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Managing Appetite Loss in Seniors

Have you noticed that your aging loved one doesn't seem to enjoy their favorite foods as much as they once did? Are they turning into picky eaters? Maybe they've lost all interest in food?


Appetite loss is a common symptom of aging. However, a decreased appetite can lead to health problems and can even point to other health issues in older adults. Learn more about appetite loss and how you can help your loved one regain their interest in food.


Causes of Appetite Loss in Seniors

A lack of appetite can be different factors. Here are some of the most common reasons that an aging loved one may not want to eat:

  • Mental health condition, like depression

  • Medical conditions, like dementia or an infection

  • Changing taste buds

  • Lack of energy

  • Medication side effects

  • Dental problems

  • Natural changes in the digestive system

  • Eating disorders

Whatever the reason a senior loses their appetite, maintaining good nutrition is still crucial for overall health. So, it's important for you to help ensure your loved one receives proper nutrients.


Signs of Decreased Appetite

At first, you may not notice changes in your loved one's eating habits. However, pay attention to these signs of appetite loss to help address it early on and prevent long-term damage.

  • Lack of interest in food

  • Lack of a desire to eat even favorite foods

  • Skipping meals

  • Changes in weight

If you notice these signs in your loved one, you may need to step in and help. Encourage your loved one to see a doctor. They can identify any underlying medical conditions or medication side effects that are causing appetite loss. And together, you can develop a tailored plan for improvement.


How to Help Overcome Appetite Loss at Home

Ultimately, the underlying cause of a decreased appetite will dictate the treatment. Work with a healthcare provider to develop a specific plan to keep your loved one eating and healthy.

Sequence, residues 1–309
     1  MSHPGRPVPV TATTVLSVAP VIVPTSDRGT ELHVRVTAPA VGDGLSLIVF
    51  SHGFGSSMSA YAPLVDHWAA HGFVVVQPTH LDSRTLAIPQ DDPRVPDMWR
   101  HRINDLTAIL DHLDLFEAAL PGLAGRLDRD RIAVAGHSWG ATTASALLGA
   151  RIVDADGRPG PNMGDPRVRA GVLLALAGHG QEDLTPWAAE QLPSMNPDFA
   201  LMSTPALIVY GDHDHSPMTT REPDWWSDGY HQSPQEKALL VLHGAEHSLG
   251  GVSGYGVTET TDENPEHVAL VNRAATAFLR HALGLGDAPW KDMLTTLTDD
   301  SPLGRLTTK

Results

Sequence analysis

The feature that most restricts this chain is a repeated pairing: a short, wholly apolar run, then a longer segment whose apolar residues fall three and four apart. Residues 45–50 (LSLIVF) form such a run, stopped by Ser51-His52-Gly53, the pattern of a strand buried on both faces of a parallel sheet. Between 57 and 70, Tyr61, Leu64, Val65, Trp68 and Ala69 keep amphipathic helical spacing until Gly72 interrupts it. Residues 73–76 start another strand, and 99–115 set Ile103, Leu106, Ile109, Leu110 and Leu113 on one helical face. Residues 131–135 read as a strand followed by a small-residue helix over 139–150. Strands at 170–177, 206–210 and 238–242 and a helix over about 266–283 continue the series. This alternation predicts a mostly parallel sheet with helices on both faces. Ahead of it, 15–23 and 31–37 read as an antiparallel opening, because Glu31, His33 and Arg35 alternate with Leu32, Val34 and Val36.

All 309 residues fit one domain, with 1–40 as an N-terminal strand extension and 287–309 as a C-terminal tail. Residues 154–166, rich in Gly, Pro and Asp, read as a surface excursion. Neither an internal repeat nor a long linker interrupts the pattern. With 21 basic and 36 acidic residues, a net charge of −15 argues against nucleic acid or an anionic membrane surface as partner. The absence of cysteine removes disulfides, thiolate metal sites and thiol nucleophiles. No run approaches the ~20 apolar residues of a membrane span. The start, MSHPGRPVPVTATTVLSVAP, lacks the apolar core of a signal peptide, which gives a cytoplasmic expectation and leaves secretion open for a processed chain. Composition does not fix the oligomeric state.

Here are general guidelines to help you manage appetite loss at home.

  • Set a regular eating schedule. Try scheduling small meals throughout the day instead of 3 main meals. Eating smaller meals may actually help a senior's digestion and maintain steady levels of insulin. Additionally, large meals can seem overwhelming to someone who doesn't feel like eating.

  • Try meal planning. If you're having a hard time getting your loved one to eat, try including them in menu planning. Ask them to pick out at least one meal or snack for the week. Hopefully, this will help encourage them to the eat foods they picked out.

  • Incorporate nutrient-dense foods, such as peanut butter or avocado to help your loved ones maximize nutrient intake. Opt for colorful fruits and vegetables, lean proteins, and whole grains. Consider adding foods that are high in calories as well to help your loved one get more energy.

  • Create a conformable eating environment. Choose a well-lit and peaceful dining area, free from distractions. Set the table with favorite dishes and utensils to make eating more enjoyable. Or, go out to eat if your loved one has a favorite restaurant.

  • Make sure your loved one has regular dental exams. This will help ensure there are no additional dental problems that could interfere with eating.

  • Eat together. If possible, eat a few meals at home with your loved one. If you do not live in the same city, have another family member or friend eat with your loved one. Not only does this give you the opportunity to monitor your loved one's eating habits, but you can also provide social support.

  • Spice it up. As we age, our appetites change as well. Food can become bland, and tasteless. To add extra flavor, try simmering foods in either beef or chicken stock rather than water, or use fresh herbs.

  • Stay hydrated. Dehydration can cause appetite loss and lead to other health issues. Ensure that seniors drink plenty of fluids throughout the day. Include water, herbal teas, and diluted fruit juices as options.

  • Modify textures as needed. Consider modifying the texture of food to make it easier to eat. This might involve pureeing or softening foods to reduce the risk of choking or discomfort.

  • Try supplements. If you are worried that your loved one isn't getting enough nutrients, talk with a healthcare provider about using nutritional supplements like protein shakes or dietary supplements. Whole foods are always the best source of nutrients, but supplements can help seniors get the vitamins and minerals they need.

  • Encourage exercise. Encourage light physical activity before meals. A short walk or simple stretches can stimulate the appetite and improve digestion. This could help your loved one start feeling hungry before a meal.

Conclusion

Managing appetite loss in seniors requires patience, creativity, and a personalized approach. With guidance from a doctor, you can help your loved one maintain a healthier diet and overall well-being at home.


Remember that it's essential to be flexible and adaptable in your approach. A balanced diet is a key component of a fulfilling and active senior life. It's worth the effort to ensure that appetite loss doesn't stand in the way of good nutrition.


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